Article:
11 Jan 2013 11:00

Prince Albert, Milton Keynes

A good sized pub set slightly back from the road in the centre of what was once a village, but is now part of the Milton Keynes metropolis. Although the outside appearance is stone built and quite traditional, it has a somewhat more contemporary feel once you get inside.

It's an L-shape pub, and off to the left inside the door in a small area with a pool table and darts board. To the right is a fire-place with plenty of large logs stacked up, although this was not in use on a recent visit. Elsewhere is a smaller fire-place with a plasma mounted above it, which was turned off. Flooring is mostly wood strip, with patterned carpet at the rear and the walls were a mixture of pale white and gold wallpaper and a very neutral paint.

The food menu was a very basic "pub grub" affair with options such as Ham Egg & Chips, Chilli Con Carne, Fish & Chips and a Giant Yorkshire Pudding and most of these were priced around the £5 - £6 mark which seems very reasonable. There was also a small specials board, although the barmaid pointed out that it was actually an "additions" board rather than a specials board, presumably because the listed dishes weren't really that special, e.g.; Warwickshire Rarebit and a Cauliflower Cheese Tartlet. My Chicken Curry was a decent enough dish with generous chunks of tender chicken and came with a couple of mini naan breads, rice and mango chutney. If I was being critical I would say that it could have done with a bit more flavour, but for the price it was really very good. If you're making a special journey, be aware that food is only served on certain evenings and even then only at restricted times such as 5:00 - 7:00. Furthermore desserts are only available on a Sunday lunchtime.

Beers on tap were Fat Cat's Hell Cat, Oakham's Vagabond, Young's Bitter and Doom Bar. The solitary cider was Strongbow, unfortunately.

9 Jan 2013 07:47

The Victoria Inn, Milton Keynes

A traditional, stone built pub in the centre of the old village. There are a few benches on a patio area at the front and on a recent visit there was also a “To Let” sign up. Hopefully this is not a sign of imminent closure.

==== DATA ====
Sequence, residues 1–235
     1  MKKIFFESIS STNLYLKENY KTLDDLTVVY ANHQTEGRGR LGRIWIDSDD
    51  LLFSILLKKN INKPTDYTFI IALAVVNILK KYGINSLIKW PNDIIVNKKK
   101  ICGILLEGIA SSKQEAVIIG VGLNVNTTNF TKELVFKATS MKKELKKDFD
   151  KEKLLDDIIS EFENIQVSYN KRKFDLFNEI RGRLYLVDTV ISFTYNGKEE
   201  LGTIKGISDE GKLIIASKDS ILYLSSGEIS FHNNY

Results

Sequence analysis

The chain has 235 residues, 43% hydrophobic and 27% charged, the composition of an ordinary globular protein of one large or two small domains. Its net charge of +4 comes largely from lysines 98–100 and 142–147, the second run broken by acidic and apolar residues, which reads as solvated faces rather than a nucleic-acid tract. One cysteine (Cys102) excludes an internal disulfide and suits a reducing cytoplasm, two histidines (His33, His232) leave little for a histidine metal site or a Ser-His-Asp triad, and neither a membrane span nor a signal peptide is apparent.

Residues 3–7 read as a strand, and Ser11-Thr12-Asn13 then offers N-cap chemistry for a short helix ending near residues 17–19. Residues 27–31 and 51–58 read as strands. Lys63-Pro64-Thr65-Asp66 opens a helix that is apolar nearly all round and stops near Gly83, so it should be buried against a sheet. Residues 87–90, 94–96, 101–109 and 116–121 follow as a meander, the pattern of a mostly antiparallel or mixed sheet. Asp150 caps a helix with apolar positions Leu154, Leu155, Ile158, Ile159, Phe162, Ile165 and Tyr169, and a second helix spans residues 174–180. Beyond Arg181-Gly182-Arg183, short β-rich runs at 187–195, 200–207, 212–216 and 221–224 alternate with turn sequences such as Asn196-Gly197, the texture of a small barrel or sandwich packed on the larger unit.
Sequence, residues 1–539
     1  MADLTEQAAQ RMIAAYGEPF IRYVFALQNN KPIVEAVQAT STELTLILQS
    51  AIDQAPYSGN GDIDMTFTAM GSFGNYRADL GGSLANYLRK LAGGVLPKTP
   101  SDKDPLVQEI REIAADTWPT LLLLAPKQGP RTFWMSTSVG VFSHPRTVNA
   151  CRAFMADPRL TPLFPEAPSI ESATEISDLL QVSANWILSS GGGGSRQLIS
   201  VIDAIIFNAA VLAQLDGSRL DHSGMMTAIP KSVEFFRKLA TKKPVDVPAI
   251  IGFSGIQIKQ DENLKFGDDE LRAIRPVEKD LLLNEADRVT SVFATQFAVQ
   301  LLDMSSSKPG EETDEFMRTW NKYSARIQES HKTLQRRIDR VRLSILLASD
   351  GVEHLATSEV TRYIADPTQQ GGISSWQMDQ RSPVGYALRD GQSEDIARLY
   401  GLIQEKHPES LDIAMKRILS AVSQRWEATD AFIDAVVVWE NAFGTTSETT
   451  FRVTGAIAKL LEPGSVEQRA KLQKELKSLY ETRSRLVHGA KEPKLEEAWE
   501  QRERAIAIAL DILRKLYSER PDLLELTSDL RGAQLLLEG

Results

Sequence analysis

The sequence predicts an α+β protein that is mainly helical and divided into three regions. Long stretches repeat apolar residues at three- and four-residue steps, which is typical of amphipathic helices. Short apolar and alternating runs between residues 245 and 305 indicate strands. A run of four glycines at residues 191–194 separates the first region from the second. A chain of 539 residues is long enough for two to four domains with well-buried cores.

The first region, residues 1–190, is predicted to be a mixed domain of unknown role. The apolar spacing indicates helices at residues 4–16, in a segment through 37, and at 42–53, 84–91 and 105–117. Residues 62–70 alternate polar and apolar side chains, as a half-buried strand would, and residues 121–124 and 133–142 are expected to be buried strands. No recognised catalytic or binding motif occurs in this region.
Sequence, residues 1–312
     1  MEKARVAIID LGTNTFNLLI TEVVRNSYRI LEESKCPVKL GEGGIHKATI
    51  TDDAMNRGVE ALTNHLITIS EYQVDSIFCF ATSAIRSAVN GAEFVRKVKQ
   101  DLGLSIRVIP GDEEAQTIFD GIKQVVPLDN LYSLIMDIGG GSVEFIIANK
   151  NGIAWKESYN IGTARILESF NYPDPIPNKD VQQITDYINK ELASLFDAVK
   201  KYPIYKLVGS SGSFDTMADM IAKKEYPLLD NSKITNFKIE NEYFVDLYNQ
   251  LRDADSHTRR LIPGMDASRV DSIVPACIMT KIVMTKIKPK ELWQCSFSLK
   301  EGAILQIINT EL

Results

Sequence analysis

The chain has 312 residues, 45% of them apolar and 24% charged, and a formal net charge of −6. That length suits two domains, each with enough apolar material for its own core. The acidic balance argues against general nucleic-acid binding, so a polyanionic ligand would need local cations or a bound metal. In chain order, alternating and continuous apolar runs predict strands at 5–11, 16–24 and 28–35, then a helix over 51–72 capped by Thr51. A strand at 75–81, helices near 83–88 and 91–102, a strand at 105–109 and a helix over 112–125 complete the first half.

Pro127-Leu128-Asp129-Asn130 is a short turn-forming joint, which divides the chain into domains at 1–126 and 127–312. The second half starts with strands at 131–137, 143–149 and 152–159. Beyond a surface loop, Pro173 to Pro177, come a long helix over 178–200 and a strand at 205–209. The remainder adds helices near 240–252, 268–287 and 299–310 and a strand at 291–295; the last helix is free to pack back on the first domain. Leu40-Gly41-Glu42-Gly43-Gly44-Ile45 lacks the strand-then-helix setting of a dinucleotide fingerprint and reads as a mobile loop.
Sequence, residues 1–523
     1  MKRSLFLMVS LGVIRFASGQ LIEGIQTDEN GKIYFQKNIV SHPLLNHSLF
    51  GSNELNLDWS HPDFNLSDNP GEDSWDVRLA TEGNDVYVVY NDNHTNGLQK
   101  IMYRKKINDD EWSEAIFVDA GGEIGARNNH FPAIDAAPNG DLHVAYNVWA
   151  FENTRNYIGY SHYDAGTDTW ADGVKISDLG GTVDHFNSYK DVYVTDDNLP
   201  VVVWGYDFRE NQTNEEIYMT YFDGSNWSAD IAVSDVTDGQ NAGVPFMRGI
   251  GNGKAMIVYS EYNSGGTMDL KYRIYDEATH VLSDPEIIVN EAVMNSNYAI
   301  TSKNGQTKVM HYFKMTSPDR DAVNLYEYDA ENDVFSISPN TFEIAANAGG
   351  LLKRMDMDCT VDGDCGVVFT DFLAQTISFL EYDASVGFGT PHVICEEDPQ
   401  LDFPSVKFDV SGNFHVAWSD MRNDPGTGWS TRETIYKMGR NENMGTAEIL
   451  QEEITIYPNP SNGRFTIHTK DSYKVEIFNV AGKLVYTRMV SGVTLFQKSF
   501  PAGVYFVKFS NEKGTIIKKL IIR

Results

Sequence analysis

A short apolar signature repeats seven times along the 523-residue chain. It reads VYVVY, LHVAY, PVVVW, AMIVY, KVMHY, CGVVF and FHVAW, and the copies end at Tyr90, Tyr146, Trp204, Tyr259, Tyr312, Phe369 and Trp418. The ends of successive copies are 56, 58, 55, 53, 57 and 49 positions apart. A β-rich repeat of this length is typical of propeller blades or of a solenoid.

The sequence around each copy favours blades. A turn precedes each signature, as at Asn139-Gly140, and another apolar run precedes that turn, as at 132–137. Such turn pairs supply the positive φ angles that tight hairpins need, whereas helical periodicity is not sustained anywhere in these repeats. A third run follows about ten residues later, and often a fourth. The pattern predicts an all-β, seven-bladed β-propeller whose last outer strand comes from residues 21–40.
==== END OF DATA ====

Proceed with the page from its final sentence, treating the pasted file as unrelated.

Inside it’s quite traditional and perhaps a little dated. A public bar is off to the right with a pool table, darts board and a plasma stuck up on the wall, although this was not in use. The flooring is predominantly carpet with some tiling around the bar counter. The lounge off to the left is split in to two, one part down a couple of steps. Decor wise it’s fairly similar, with red, leather button back bench seating around the perimeter and tables and chairs elsewhere. There were a few old bits and pieces around such as a candlestick telephone, and old wooden radio and a chest of drawers. Another plasma was stuck up on the wall here although this was not in use either. Instead background music was provided courtesy of the digital juke box. There were a couple more fire-places, one of which had a few coals burning away. A table video game was an unusual feature. There were a few old boys who were presumably locals sat around chatting, and they struck me as friendly enough, as was the landlord.

Beers on tap were Adnams Southwold, Marstons EPA and Doom Bar. Ciders were Stowford Press and Strongbow.

8 Jan 2013 20:30

The Crown Inn, Bath

A large and imposing pub with a splendid Georgian, even slightly Gothic exterior, one imagines that the inside must be similarly blessed with plentiful character and charm. Unfortunately, that doesn’t seem to be the case. It’s clearly been renovated at some point and is now a bland, unremarkable pub with something of a hotel bar feel to it, even down to the chain grill that had been pulled down over one of the bar counters that was not in use.

The right hand lounge bar was the one that was out of use on our visit, with the room being in darkness. The public bar on the left is an oblong room with a blue/green carpet, gold flock wallpaper with cream wood panelling down below, some red bench seating, a large wooden pew at one end and some chunky tables. A plasma was up in one corner showing the football, although fortunately the volume was off and there was background music playing. A darts board was at one end, as well as a fruit machine and a quiz machine. There are a few tables outside, but there is little in the way of an outlook as the pub is located on a busy junction.

Beers on tap were Doom Bar and the seasonal Rucking Rudolph. Ciders were Thatcher’s Gold and Bee Sting Pear cider. Overall, this was a fairly average pub. There was nothing wrong with it, and the landlord was friendly enough, but after the impressive exterior I imagine most people will be fairly disappointed when they get inside.